Franken calls for improved rural rail service
Published 11:14 am Thursday, May 29, 2014
Area agricultural leaders shared their concerns with U.S. Sen. Al Franken on Wednesday about the effects poor rail service is having on their industry.
Meeting at the Albert Lea-Freeborn County Chamber of Commerce in Northbridge Mall, about a handful of representatives from grain and rural energy cooperatives talked about how the delays in rail service are having a domino effect on many businesses and ultimately increasing prices for the consumer.
Several said farmers are trying to ship grain from last year in anticipation of a record crop this year, but the rail line is backed up.
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“We’ve got some real issues here,” said Franken, DFL-Minneapolis.
Franken earlier this spring pressed the Surface Transportation Board — which has jurisdiction over the U.S. railroad system — to prioritize fertilizer shipments and ensure the state’s farmers could plant their crops on time.
“Things have gotten better, yes,” said Bob Zelenka, executive director of the Minnesota Grain and Feed Association. But he noted some companies are still not where they should be.
Zelenka said one train unit — or about 110 train cars — can carry up to 400,000 bushels of corn. He is not sure if having more locomotives would be an answer to the problem.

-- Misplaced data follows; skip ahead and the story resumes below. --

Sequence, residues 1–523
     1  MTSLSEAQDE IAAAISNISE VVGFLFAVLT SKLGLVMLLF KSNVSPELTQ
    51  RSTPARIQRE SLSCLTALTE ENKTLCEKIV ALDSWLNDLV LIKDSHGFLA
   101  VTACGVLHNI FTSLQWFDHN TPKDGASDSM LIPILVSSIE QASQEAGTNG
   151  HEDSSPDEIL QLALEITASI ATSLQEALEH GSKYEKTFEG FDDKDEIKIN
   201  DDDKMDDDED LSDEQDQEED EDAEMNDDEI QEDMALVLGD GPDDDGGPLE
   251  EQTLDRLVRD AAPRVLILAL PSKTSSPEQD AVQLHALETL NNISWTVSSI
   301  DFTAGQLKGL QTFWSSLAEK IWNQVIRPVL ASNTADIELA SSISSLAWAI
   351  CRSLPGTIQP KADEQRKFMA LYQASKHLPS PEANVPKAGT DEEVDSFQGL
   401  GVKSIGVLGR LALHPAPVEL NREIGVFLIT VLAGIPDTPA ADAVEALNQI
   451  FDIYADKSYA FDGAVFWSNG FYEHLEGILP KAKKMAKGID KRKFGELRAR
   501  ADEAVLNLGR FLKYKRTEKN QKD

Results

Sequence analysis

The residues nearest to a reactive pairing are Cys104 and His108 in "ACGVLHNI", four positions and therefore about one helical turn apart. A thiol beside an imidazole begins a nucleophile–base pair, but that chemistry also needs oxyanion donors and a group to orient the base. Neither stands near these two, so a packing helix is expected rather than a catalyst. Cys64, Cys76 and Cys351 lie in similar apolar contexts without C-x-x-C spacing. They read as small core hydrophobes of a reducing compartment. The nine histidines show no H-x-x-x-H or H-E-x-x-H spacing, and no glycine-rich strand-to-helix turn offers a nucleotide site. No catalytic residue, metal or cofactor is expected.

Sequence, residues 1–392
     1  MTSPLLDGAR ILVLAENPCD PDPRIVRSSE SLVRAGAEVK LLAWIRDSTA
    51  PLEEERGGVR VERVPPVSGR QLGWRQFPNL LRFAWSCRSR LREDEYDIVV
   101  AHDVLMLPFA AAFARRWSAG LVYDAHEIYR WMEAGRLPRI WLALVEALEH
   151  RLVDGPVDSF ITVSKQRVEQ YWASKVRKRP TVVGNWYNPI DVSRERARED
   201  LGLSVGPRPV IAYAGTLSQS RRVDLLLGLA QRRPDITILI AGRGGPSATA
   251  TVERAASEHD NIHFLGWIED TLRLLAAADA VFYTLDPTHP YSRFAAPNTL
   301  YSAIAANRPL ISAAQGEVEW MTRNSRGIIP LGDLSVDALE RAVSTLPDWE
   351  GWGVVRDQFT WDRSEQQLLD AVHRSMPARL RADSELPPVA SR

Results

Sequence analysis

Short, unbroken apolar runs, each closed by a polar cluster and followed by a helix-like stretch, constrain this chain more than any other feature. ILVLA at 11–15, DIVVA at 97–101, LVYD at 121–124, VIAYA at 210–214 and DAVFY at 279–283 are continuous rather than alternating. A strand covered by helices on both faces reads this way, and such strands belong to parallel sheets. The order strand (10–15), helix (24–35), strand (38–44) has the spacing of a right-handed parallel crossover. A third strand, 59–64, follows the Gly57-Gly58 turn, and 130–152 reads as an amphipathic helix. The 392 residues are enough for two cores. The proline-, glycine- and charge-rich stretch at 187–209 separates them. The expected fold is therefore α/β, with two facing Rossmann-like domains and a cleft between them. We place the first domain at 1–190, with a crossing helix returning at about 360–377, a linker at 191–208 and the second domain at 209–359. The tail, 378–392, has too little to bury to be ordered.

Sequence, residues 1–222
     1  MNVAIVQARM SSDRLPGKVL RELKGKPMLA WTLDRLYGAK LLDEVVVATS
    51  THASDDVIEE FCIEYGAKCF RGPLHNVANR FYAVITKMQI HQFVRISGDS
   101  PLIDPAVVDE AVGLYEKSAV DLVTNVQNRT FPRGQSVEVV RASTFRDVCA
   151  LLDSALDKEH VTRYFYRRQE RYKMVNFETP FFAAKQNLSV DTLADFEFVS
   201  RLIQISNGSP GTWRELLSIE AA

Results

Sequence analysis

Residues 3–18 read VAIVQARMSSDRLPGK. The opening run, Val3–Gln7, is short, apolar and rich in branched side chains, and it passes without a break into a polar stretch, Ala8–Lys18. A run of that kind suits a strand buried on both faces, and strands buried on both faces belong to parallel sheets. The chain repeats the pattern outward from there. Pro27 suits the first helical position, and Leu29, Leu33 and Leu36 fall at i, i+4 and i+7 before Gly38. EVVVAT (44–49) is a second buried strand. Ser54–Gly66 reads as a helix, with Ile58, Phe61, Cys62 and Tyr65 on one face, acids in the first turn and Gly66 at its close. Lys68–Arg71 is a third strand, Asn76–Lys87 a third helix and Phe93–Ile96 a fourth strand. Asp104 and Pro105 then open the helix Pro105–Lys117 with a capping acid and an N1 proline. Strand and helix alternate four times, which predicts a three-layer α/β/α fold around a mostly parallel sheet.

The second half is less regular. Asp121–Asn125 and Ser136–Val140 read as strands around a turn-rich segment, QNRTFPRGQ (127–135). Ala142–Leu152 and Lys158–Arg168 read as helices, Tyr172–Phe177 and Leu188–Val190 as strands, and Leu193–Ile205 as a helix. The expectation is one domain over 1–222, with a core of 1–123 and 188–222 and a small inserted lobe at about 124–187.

Jim Krueger, president of Freeborn-Mower Cooperative Services, said his business is having to compete for rail capacity and said he is concerned delays are affecting his company’s long-term reliability.
He said if the company gets down to a coal pile that would only last six or seven days, he gets worried when a train carrying more coal gets delayed.
Others talked about the effects the rail service is having on the propane industry — including the cost to insure cars carrying propane — and that agricultural leaders would like to have more hearings with the Surface Transportation Board.
Franken said he would take the stories shared back to the board.
Franken recalled how when he was 4 years old, his family moved to Albert Lea to start a quilting factory. After two years, the factory ultimately failed.
He said though the railroad went through Albert Lea, it didn’t stop here — what he described as “captive shipping.”
After his stop in Albert Lea, Franken was headed to Austin to help break ground at the Hormel Institute’s cancer research facility and to tour the new IJ Holton Intermediate School. Read about his Austin visit Friday.